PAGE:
WASHINGTON, D.C. (WLNS) – A new bill aids American veterans exposed to toxic materials from burn pits.

The House of Representatives passed the Veterans Burn Pits Exposure Recognition act Wednesday night. The bipartisan bill was introduced by Rep. Elissa Slotkin.

By formally recognizing the health impacts of burn pits, Slotkin’s bill is set to remove the burden of proof from veterans and require the VA to perform a medical examination to determine if exposure is linked to a veteran’s particular ailment.

An Afghan National Army pickup truck passes parked U.S. armored military vehicles, as smoke rises from a fire in a trash burn pit at Forward Operating Base Caferetta Nawzad, Helmand province south of Kabul, Afghanistan, April 28, 2011. The House has approved a significant expansion of health care and disability benefits for millions of veterans who were exposed to toxic burn pits while serving in Iraq and Afghanistan. (AP Photo/Simon Klingert, File)

The bill, which Slotkin led with Rep. Peter Meijer, was included in the Honoring our PACT Act – a package of legislation that will address veteran toxic exposure and is expected to be signed into law by President Biden.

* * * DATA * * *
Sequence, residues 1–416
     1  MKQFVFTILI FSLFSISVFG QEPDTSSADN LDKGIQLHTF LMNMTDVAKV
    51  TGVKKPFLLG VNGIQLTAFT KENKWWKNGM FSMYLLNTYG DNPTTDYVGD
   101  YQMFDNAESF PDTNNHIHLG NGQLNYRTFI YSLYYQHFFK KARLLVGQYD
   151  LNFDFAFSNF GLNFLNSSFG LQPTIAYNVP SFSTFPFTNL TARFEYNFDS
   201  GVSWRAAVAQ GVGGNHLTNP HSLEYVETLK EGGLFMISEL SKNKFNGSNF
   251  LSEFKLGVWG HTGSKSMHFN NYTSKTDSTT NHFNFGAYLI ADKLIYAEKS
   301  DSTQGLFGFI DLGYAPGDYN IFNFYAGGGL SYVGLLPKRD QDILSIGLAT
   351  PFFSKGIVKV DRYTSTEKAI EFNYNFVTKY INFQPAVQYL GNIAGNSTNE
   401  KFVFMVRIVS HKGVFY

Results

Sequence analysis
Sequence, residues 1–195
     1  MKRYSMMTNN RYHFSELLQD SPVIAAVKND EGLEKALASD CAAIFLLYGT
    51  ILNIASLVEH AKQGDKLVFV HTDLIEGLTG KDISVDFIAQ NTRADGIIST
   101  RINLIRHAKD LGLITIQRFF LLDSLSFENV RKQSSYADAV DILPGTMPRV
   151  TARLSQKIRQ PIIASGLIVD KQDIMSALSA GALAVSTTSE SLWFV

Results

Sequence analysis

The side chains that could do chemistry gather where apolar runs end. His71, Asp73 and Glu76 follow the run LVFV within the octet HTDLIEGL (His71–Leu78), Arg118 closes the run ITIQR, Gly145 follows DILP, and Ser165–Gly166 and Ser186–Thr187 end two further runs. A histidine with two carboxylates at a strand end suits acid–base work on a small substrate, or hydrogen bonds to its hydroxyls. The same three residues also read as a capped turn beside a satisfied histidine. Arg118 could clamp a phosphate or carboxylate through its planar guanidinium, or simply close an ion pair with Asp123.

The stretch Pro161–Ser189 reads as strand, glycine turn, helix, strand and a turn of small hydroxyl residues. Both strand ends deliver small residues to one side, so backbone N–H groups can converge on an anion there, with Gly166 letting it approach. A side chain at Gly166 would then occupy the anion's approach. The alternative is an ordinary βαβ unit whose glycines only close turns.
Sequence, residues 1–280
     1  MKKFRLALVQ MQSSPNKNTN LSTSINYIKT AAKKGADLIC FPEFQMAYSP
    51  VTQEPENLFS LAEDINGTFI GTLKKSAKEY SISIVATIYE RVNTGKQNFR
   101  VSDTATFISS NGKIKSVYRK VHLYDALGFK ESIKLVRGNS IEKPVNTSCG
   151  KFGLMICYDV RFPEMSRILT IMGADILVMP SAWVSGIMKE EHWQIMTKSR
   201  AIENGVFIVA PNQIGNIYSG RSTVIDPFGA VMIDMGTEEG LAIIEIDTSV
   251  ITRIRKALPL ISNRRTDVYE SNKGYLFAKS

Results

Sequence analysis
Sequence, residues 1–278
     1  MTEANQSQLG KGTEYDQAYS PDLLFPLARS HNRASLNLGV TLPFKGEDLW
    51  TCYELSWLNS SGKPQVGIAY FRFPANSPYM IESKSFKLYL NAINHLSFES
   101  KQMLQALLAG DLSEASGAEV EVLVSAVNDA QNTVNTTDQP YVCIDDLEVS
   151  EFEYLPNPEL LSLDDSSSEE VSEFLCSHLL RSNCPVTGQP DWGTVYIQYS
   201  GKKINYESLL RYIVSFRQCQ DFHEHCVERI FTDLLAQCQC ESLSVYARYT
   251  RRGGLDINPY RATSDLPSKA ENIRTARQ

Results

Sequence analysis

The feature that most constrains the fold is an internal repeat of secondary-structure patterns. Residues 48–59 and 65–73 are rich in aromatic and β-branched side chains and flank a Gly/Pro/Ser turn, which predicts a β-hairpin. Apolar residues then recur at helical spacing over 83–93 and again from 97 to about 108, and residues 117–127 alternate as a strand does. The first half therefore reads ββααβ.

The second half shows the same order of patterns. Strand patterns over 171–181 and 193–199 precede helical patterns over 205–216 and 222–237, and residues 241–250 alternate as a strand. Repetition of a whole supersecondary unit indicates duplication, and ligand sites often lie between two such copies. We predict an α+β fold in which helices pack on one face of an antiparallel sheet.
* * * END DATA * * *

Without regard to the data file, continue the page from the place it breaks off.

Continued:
Slotkin, a member of the House Veterans Affairs Committee, lived near burn pits on her three tours of Iraq as a CIA officer.

“This is one of the most important pieces of legislation I’ve worked on in three and a half years in congress,” Slotkin said. “Burn pits are the Agent Orange of the 9/11 generation of veterans, and this landmark bill on toxic exposure will help more than 3.5 million more American veterans access the treatment and benefits they earned during their service.”